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Walsh & Hoyt: Dural Sinuses

By Providence Willamette Falls Medical Center MD Robert A. Egan


The sinuses of the dura mater are venous channels that drain blood from the brain, dura, and diploe. Situated between the two layers of the dura mater, they are devoid of valves and are lined by endothelial cells and by connective tissue that is continuous with that of the veins that drain into them. They are often divided into two groups: (a) the posterosuperior group, located at the upper and back parts of the skull; and (b) the anteroinferior group, located at the base of the skull. The posterosuperior group of dural sinuses is composed of the superior sagittal sinuses (SSS), inferior sagittal, straight, transverse, sigmoid, tentorial, and occipital sinuses. The SSS, inferior sagittal, straight, and occipital sinuses are single, unpaired structures, whereas the transverse, sigmoid, and tentorial sinuses are paired structures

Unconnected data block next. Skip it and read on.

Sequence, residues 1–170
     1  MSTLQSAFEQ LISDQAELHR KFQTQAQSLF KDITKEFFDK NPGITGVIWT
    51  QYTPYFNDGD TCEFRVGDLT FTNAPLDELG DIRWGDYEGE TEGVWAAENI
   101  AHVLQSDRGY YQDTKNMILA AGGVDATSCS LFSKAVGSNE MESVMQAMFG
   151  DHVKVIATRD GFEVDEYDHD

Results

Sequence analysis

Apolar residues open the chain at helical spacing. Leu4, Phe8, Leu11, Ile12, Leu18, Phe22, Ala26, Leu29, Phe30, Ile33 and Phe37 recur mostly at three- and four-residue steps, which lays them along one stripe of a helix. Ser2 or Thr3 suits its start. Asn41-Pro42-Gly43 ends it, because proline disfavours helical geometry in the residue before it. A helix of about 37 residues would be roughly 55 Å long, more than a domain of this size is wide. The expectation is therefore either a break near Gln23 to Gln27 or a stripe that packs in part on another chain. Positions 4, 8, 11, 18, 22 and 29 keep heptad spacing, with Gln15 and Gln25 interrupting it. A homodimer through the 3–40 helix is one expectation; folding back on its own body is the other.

Topics: Vascular Diseases; Anatomy; Physiology; Cerebrovascular System; Dural Sinuses
Publisher: Spencer S. Eccles Health Sciences Library, University of Utah
Year: 2005
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